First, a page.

TEHRAN, 29 Jun 2005 (IRIN) - An Iranian court has sentenced a man to have his eyes surgically gouged out for a crime he committed 12 years ago, according to a report in the Iranian daily newspaper Etemaad. Amnesty International (AI) has condemned the sentence passed on the man known only as Vahid.
The Iranian Supreme Court rejected an appeal earlier this month and ordered that the punishment should be carried out, although human rights groups in Iran have said that such unusual sentences are almost never carried out.
According to Etemaad, Vahid was a 16-year-old labourer in Tehran when he threw battery acid in another man's face during a fight in a market in 1993. The incident blinded his victim. Vahid claimed the use of acid was accidental and that the lid came off a battery in the course of a struggle.
The court judged the crime on 'Qesas', a Quranic term for strictly defined penalties where the judge cannot use his discretion. In this case, it was literally "an eye for an eye". The paper reported that initially the sentence passed was to spray acid on Vahid's eyes but Vahid's lawyers appealed arguing the rest of his face could also be damaged. The sentence was then commuted so that Vahid would have his eyes surgically gouged out.
Vahid's lawyer is seeking clemency for his client although Vahid has been asked to pay blood money of about US $330,000 after payment of which he would escape punishment. The newspaper reported that Vahid does not have the money.
"This is a truly shocking case amounting to a sentence of judicial torture," said Mike Blakemore of Amnesty. "We appeal to the Iranian authorities to guarantee that this punishment is not carried out and would further appeal to all medical practitioners in Iran to have nothing to do with this gruesome punishment," he said.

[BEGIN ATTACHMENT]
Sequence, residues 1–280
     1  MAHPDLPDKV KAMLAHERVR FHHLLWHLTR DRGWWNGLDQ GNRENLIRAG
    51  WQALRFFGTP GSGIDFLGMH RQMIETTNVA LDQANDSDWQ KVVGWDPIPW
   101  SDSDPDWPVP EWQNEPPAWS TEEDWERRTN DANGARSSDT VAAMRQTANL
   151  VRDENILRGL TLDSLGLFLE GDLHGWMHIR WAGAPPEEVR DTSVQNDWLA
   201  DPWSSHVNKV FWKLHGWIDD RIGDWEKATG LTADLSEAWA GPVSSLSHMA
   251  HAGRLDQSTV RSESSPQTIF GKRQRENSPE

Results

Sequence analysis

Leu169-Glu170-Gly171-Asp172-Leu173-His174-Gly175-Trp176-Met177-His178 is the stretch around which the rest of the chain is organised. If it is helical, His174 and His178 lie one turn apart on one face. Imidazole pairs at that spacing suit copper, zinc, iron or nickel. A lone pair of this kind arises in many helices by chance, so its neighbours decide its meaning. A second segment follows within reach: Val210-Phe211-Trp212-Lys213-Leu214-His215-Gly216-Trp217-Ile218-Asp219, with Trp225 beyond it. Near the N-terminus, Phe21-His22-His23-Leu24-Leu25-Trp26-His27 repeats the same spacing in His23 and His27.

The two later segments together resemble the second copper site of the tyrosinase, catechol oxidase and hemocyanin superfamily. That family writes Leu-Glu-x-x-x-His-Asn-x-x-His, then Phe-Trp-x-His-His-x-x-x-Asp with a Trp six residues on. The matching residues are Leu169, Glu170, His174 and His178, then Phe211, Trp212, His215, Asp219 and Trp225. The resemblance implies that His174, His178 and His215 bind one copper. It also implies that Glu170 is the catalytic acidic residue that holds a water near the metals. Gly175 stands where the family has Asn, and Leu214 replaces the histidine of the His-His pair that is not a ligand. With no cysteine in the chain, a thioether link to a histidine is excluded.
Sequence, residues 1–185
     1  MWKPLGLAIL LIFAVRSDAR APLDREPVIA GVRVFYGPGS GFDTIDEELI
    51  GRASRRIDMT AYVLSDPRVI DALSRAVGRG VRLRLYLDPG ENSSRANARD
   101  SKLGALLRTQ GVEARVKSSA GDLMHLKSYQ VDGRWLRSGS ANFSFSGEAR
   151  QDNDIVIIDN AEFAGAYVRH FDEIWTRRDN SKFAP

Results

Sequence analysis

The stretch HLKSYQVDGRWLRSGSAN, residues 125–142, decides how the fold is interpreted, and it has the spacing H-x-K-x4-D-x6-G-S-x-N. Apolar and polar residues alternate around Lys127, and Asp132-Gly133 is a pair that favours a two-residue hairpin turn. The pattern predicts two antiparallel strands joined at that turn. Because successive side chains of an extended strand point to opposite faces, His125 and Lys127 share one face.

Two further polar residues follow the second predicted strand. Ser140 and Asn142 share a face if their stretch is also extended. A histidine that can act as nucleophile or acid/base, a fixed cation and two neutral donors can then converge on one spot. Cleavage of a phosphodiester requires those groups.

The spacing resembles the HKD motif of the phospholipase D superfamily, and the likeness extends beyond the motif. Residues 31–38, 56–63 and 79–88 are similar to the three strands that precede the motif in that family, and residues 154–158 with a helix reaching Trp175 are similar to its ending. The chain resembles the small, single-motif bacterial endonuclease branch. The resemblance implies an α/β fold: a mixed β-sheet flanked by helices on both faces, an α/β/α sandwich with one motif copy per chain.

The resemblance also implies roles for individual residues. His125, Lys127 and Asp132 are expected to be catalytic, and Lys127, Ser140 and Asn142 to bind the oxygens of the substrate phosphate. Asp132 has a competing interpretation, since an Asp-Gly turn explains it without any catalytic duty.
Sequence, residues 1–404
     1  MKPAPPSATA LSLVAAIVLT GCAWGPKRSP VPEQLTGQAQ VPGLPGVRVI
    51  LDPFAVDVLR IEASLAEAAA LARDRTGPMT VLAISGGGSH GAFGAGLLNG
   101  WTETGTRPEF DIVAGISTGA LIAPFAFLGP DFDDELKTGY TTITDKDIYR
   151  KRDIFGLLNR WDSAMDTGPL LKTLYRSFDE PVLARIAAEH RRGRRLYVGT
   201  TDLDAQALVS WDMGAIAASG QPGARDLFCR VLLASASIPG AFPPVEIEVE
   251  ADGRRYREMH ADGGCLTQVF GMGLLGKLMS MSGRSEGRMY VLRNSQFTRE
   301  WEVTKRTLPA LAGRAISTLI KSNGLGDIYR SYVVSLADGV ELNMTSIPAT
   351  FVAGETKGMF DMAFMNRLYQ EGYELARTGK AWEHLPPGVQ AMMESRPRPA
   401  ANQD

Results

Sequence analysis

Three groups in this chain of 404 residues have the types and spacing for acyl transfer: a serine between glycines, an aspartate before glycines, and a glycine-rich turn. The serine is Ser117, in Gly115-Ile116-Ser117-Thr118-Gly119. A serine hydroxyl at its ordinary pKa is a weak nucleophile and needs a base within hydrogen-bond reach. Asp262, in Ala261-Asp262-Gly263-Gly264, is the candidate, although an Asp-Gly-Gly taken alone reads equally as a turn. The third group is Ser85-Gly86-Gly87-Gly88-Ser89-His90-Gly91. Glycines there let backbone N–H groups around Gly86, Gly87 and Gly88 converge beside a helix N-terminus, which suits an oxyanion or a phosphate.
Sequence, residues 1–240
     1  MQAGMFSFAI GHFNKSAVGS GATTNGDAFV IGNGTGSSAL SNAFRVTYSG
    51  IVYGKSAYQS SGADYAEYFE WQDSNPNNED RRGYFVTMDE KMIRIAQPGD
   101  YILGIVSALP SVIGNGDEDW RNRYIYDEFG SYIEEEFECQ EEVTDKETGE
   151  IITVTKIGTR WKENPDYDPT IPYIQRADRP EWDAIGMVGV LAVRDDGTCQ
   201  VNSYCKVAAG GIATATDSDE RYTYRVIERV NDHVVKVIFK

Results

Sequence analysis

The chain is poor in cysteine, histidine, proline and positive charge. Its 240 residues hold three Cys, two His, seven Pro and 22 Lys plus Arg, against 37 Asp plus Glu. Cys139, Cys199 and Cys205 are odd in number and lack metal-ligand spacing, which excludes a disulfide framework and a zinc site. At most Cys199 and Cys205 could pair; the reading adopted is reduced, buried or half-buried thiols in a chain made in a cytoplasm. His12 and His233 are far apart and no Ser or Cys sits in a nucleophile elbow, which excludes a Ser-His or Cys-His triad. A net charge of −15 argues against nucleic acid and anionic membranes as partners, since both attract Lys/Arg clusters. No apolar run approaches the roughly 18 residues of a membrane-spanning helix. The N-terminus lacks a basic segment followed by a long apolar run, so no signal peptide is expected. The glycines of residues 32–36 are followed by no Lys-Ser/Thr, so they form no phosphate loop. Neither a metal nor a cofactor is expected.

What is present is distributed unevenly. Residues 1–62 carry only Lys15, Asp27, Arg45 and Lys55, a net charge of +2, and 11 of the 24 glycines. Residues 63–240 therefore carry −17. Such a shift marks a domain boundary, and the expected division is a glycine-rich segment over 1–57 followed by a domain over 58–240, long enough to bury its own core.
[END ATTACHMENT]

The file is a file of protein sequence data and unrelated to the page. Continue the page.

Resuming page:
Human rights specialists and lawyers say that unusual sentences such as this are sometimes passed by Islamic courts but the decreed punishments are very rarely carried out. They are used more as leverage in setting the amount of compensation to be paid to the victim. Punishments such as stoning are now very rare in Iran, thanks to new human rights initiatives and pressure from the European Union (EU).
There are fears that human rights could suffer under Iran's new president, ultra-conservative Tehran mayor, Mahmoud Ahmadinejad, who was elected in a run-off poll on 24 June. Reformists and dissidents fear there will be political crackdowns and that the Basij Islamic militia will enjoy increased powers to stop, search and intimidate anyone they suspect of being, in their opinion, subversive.
Iran has more journalists in prison than almost any other country in the world and newspapers and internet blog sites are regularly shut down. Analysts say that under Ahmadinejad, the administration will work more closely with the judiciary, making the government less likely to speak out on matters involving controversial legal issues.
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